Among the specific points included are requests for faithful to touch only their own palm branch on Palm Sunday, and no one else’s, and for priests who choose to include the rite of foot-washing in Holy Thursday’s Mass to wear a mask and sanitize their hands after each foot washed. The rite had been suspended during the pandemic.

Good Friday’s celebration of the Lord’s Passion will proceed as usual, but the act of kissing the cross is still forbidden. It was also asked that a special prayer “for those who suffer due to war” be added to the intentions for that liturgy.

Papal events for Holy Week and Easter are also more or less returning to normal, apart from general rules such as mask-wearing and hand sanitation.

Pope Francis will celebrate Palm Sunday Mass inside St. Peter’s Basilica and will preside over a Chrism Mass – during which the holy oils used in the church’s sacraments are blessed – Thursday morning.

The Vatican did not disclose where the pope will celebrate the Mass of the Lord’s Supper on Holy Thursday. In the past, he has celebrated the liturgy at prisons, centers for the disabled, and welcoming centers for migrants. However, for the past two years the rite was suspended due to the coronavirus pandemic.

Last year, in the absence of a public Mass, Francis celebrated the liturgy in the private apartment of Italian Cardinal Angelo Becciu, whom he had fired just a few months prior to the allegations of embezzlement.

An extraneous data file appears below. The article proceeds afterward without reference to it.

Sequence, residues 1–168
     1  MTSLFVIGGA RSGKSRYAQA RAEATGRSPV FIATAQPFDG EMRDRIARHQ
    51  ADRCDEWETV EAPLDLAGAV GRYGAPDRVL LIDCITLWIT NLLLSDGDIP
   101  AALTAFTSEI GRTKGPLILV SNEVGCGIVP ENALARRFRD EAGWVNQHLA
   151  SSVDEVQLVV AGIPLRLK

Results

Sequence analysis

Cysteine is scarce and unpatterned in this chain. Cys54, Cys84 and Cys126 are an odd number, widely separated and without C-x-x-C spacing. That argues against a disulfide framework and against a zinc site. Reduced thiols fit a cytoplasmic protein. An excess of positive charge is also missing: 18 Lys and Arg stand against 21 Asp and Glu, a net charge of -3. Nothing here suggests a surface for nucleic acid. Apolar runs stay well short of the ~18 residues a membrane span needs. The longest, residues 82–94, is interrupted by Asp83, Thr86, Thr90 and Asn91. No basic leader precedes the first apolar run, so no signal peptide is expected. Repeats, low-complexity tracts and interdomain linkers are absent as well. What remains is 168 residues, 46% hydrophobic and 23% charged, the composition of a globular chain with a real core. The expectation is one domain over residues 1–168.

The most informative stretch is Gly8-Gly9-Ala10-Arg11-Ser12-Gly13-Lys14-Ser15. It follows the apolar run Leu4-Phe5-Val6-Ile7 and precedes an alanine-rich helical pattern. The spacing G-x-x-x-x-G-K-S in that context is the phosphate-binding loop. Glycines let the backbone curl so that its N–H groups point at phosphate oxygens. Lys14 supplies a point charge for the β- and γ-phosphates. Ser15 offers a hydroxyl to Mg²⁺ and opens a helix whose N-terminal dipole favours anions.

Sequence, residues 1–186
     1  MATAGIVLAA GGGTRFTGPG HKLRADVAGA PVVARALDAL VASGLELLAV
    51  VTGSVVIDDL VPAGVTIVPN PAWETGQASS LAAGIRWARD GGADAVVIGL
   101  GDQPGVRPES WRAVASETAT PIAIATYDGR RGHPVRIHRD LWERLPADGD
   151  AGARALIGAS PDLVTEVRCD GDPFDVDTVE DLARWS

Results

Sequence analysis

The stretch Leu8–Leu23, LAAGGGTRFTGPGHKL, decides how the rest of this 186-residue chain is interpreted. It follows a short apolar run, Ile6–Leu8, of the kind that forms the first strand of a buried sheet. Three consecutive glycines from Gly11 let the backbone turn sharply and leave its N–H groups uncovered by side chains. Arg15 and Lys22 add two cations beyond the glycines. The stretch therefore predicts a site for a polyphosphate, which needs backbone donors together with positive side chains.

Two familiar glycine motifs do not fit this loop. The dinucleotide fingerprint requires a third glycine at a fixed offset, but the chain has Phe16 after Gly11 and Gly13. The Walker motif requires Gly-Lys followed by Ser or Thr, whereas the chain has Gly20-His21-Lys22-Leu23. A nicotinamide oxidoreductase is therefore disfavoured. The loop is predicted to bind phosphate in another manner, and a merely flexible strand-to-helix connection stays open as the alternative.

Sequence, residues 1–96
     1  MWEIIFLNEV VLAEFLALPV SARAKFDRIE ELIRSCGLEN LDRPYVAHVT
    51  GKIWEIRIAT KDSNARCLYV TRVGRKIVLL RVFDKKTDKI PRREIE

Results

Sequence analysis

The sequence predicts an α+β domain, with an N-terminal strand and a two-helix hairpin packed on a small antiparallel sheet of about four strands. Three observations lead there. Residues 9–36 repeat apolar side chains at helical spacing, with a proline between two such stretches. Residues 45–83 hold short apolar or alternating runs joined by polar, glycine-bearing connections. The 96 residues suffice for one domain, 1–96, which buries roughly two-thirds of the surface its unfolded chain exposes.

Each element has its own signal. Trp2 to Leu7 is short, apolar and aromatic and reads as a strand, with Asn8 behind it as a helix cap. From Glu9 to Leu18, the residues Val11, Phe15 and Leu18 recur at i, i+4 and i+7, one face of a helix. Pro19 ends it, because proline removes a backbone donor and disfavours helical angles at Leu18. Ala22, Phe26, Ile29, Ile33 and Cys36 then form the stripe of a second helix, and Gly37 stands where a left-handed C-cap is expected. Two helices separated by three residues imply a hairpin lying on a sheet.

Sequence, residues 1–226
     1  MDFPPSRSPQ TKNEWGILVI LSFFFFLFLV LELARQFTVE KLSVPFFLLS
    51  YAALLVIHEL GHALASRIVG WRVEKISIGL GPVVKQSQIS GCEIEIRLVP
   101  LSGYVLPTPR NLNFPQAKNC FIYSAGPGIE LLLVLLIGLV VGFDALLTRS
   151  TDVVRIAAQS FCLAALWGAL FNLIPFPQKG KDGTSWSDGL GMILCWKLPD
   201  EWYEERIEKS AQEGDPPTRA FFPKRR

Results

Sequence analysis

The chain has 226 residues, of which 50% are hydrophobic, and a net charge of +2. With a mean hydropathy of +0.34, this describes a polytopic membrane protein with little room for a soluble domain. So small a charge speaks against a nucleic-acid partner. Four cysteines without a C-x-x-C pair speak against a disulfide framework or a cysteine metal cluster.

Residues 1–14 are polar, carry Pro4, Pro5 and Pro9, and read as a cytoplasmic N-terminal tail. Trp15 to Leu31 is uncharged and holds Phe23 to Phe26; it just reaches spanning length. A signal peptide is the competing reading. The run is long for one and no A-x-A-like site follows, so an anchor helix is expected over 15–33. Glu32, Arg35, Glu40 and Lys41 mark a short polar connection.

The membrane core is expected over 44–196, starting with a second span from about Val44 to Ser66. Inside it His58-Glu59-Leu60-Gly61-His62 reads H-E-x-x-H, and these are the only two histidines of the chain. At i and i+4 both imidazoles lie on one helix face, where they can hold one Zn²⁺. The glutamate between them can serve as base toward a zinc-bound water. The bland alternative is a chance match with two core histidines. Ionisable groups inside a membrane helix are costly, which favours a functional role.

Becciu is also currently on trial for embezzlement and abuse of office over a major real estate deal in London gone wrong, losing the Vatican millions. His second hearing, during which he will provide testimony as to his relationship with Cecilia Morogna, a fellow Sardinian and security consultant contracted to assist the Vatican negotiate hostage situations, is set for April 7.

Pope Francis will again preside over the praying of the Via Crucis at the Colosseum after leading the Good Friday service earlier that evening. Due to COVID, the Via Crucis was celebrated the past two years in St. Peter’s Square instead, but this year it has been shifted back to the Colosseum.

Francis will then celebrate the Easter Vigil Saturday night and will preside over Mass on Easter morning.

It remains to be seen whether Pope Francis will preside over each of his Holy Week and Easter commitments, or whether he will bow out and ask a cardinal to celebrate in his place due to ongoing severe knee pain.

Pope Francis was unable to celebrate Ash Wednesday Mass at the beginning of Lent and had to cancel a planned visit to Florence for a high-profile conference on the Mediterranean due to what the Vatican described as “acute knee pain.”

The pope was seen visibly limping during his recent April 2-3 visit to Malta and told reporters on his flight back to Rome that his knee troubles has made his health “a bit capricious,” and has caused trouble with walking and moving around generally. However, he said the problem “is getting better.”